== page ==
Phylogenetic analysis of Aspergillus species using DNA sequences from four loci

  • Peterson S
  • 1

    Readers

    Mendeley users who have this article in their library.
  • N/A

    Citations

    Citations of this article.

Abstract

DNA sequences were determined for beta tubulin (BT2), calmodulin (CF), ITS and lsu rDNA (ID) and RNA polymerase II (RPB2) from ca. 460 Aspergillus isolates. RPB2 and rDNA sequences were combined and analyzed to determine relationships in the genus and in the family Trichocomaceae. Eupenicillium species form a statistically supported clade with origins among the Aspergillus clades. A. crystallinus, A. malodoratus and H. paradoxus are members of the Eupenicillium clade. A. zonatus, A. clavatoflvus and W. spinulosa occur in a clade along with Hamigera sp. Other than these exceptional species, Aspergillus species and sections occur on three strongly supported clades that descend from a polytomy. Section Versicolores as a monophyletic group includes only A. versicolor and A. sydowii and is superfluous. The other sections were retained but modified. All four loci were used in genealogical concordance analysis of species boundaries. Fennellia flavipes and F. nivea are not conspecific with their supposed anamorphs A. flavipes and A. nivea. Synonymies were found for some species and more than 20 undescribed taxa were identified in genealogical concordance analysis. Newly discovered taxa will be described elsewhere. Possibly paralogous gene fragments were amplified with the BT2 primers in sections Nidulantes, Usti and Nigri. Use of nonhomologous sequences in genealogical concordance analysis could lead to false conclusions and so BT2 sequences were not used in analysis of those sections.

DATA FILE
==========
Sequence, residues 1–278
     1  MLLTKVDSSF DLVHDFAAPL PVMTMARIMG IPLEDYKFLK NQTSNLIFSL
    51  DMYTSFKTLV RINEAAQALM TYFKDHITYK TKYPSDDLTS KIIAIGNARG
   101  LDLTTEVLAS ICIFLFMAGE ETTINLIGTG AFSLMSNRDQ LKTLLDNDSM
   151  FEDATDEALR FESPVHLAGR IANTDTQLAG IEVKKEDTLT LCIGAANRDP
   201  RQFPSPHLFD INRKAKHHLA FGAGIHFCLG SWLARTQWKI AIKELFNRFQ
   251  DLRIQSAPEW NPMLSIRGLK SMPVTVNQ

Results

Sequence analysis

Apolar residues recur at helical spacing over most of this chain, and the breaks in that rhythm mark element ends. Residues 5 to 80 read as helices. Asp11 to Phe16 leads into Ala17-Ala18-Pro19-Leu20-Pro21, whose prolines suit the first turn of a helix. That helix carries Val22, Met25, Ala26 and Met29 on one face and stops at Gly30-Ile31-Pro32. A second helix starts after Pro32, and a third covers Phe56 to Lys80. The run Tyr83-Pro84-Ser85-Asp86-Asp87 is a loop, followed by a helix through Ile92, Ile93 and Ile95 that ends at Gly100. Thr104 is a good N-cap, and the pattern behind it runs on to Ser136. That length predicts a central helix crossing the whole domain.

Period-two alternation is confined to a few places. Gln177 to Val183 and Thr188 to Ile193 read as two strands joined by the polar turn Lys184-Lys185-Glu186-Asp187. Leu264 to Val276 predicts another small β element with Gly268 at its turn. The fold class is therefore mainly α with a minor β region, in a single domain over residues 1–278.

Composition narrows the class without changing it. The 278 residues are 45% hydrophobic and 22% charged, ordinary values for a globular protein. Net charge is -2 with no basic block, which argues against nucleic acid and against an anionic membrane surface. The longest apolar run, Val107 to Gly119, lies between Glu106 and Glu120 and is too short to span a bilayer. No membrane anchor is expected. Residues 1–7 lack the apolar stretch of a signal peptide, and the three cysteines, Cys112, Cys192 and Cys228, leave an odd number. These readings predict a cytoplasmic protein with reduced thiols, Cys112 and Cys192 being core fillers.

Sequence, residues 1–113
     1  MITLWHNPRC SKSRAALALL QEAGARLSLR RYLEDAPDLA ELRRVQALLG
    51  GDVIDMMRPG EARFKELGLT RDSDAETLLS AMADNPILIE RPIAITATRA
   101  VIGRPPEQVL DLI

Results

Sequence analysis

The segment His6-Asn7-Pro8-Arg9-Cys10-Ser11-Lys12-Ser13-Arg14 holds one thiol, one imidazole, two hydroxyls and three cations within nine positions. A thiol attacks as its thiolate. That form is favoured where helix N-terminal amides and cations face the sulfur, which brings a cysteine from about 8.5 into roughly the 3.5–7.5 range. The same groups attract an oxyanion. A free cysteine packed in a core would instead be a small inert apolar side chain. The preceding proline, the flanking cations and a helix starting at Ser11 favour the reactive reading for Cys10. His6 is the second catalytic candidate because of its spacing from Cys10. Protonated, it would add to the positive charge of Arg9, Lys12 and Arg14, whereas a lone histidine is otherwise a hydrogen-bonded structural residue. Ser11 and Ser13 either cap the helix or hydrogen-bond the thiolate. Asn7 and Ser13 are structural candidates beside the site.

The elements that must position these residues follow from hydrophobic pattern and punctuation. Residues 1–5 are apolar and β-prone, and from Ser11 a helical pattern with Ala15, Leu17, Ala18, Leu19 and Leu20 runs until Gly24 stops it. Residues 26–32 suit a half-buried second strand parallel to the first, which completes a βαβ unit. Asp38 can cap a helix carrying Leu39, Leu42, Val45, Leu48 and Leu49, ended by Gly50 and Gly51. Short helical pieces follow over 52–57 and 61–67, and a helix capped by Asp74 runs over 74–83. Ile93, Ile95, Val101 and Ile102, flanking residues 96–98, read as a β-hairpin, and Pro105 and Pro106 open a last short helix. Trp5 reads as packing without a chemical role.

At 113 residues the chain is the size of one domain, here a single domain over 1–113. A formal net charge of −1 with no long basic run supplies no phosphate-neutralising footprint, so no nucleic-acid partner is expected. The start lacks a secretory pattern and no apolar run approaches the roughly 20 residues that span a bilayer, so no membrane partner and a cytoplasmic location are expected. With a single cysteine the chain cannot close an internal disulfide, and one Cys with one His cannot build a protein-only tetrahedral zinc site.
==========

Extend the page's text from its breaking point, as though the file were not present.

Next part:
Get free article suggestions today

Mendeley saves you time finding and organizing research

Sign up here
Already have an account ?Sign in

Find this document

There are no full text links

Authors

  • S.W Peterson

Cite this document

Choose a citation style from the tabs below

Save time finding and organizing research with Mendeley

Sign up for free